Rob's blog

JCU Brighter - Charting the unknown

Explorers no longer take to the skies or travel to distant lands to discover the unknown, instead they look to the depths of the Great Barrier Reef (GBR) Marine Park. While we can see almost every corner of the globe thanks to Google Earth, beneath the ocean’s surface is an uncharted wonderland of canyons, cliffs and fascinating creatures.

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RV Sonne expedition along the GBR margin

The German RV Sonne is one of the world’s largest deep ocean research vessels. She was built in 2014 with a length of 118 m, breadth of 23 m and gross tonnage of 8554. She sails the world's oceans in search of cutting-edge science and we have just completed an expedition along the Great Barrier Reef margin.

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Yongala 3D wreck photogrammetry

The SS Yongala sank in 1911 during a cyclone near Cape Bowling Green in the central Great Barrier Reef. The wreck is about 100 m long lying on a flat seafloor in 26 m of water. The Yongala is one of the world's top dive destinations as the wreck provides a complex habitat for prolific marine life.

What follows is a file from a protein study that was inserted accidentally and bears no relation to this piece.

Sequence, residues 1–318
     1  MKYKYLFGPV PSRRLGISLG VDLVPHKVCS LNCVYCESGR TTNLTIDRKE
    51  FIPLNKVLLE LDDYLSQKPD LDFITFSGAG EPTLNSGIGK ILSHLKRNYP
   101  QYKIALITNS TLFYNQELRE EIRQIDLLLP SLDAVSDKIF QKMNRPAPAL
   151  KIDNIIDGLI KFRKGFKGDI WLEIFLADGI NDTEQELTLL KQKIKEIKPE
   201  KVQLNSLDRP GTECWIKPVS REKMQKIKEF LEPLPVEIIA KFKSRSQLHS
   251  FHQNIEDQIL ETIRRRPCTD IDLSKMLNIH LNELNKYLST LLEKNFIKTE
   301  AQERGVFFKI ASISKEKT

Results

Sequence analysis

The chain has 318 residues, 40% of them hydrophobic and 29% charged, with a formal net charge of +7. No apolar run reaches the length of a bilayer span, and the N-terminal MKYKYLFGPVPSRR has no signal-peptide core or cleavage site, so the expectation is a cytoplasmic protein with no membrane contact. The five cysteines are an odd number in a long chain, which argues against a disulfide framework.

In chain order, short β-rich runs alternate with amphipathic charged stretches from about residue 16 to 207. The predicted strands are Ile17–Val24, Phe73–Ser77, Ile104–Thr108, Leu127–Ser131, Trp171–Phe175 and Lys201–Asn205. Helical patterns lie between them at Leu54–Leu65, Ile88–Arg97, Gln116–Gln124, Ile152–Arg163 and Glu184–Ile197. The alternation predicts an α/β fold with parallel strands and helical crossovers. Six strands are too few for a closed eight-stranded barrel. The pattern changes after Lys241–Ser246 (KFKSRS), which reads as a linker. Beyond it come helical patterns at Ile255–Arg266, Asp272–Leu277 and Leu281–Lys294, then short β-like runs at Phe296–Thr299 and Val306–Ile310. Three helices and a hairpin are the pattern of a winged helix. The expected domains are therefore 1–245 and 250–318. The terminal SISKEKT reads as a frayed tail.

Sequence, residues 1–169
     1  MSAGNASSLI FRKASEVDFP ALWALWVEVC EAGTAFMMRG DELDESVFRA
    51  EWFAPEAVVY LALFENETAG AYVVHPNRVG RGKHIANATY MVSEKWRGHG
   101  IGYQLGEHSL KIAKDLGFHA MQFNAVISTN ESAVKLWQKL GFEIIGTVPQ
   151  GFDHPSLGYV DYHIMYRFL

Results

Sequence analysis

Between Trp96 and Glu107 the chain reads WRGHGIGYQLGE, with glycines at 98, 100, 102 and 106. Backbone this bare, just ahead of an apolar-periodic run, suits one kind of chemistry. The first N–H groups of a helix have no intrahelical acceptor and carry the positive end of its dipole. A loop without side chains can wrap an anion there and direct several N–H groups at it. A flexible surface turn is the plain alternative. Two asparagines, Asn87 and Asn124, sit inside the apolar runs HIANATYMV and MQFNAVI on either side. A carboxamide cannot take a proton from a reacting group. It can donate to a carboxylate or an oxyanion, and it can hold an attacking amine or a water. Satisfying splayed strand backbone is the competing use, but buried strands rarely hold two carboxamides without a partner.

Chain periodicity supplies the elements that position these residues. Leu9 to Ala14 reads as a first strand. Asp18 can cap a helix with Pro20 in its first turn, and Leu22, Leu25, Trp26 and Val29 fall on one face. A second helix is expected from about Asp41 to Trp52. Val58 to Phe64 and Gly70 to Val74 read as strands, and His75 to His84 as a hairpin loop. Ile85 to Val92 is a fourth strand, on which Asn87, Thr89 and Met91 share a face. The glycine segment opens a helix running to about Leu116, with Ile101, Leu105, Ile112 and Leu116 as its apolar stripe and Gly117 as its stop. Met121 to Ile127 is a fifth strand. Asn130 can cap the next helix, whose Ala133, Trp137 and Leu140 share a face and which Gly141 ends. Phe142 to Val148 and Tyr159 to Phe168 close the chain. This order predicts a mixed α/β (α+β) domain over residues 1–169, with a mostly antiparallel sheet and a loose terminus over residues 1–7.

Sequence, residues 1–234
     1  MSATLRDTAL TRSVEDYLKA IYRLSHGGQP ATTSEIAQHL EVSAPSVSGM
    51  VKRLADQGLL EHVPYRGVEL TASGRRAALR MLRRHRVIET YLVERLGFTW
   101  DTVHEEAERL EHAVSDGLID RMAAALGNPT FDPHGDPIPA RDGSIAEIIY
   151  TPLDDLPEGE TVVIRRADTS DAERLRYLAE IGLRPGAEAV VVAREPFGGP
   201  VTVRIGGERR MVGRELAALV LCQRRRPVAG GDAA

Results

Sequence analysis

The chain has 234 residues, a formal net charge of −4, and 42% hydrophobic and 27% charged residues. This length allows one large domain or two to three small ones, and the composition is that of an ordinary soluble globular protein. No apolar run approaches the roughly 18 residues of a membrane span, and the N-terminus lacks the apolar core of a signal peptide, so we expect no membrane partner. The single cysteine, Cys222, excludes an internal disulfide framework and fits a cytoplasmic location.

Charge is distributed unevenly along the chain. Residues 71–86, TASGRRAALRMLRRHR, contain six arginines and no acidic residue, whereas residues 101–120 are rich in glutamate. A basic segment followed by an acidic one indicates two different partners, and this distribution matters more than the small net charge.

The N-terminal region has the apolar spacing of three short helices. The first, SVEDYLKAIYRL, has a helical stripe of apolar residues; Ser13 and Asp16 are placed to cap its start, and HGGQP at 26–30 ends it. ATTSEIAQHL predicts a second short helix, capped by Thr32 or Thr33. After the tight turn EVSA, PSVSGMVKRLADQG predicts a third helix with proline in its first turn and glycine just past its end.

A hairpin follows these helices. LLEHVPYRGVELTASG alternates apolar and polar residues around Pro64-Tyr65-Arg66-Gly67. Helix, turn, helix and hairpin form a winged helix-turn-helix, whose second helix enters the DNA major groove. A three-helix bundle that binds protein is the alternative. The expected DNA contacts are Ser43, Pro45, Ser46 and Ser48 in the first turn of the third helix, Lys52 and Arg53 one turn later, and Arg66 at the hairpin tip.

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Largest undersea landslide revealed on the Great Barrier Reef

James Cook University scientists have helped discover the remnants of a massive undersea landslide on the Great Barrier Reef, approximately 30 times the volume of Uluru.

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MH370 search data will be treasure trove for scientists

It cost A$200 million (S$215 million) - and ended in apparent failure - but experts say the two-year search for the missing Malaysia Airlines MH370 aircraft was not in vain. According to marine scientists, the 120,000 sq km search for the Boeing 777 has produced an unequalled trove of vital information about the world deep beneath the ocean's surface.

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